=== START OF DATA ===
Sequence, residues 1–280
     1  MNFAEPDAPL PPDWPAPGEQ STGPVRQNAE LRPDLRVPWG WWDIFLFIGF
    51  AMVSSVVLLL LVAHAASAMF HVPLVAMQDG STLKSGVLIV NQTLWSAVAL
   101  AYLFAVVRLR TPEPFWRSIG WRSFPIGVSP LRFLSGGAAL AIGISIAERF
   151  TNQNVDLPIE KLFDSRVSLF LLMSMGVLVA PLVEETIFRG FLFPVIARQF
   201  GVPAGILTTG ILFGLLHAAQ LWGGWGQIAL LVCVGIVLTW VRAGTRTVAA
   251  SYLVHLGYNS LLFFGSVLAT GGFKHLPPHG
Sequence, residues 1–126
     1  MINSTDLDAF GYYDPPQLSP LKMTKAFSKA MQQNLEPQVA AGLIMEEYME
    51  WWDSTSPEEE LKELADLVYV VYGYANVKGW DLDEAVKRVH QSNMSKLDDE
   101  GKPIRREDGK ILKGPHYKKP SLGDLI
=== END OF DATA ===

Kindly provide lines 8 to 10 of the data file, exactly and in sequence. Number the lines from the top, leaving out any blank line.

Sequence, residues 1–126
     1  MINSTDLDAF GYYDPPQLSP LKMTKAFSKA MQQNLEPQVA AGLIMEEYME
    51  WWDSTSPEEE LKELADLVYV VYGYANVKGW DLDEAVKRVH QSNMSKLDDE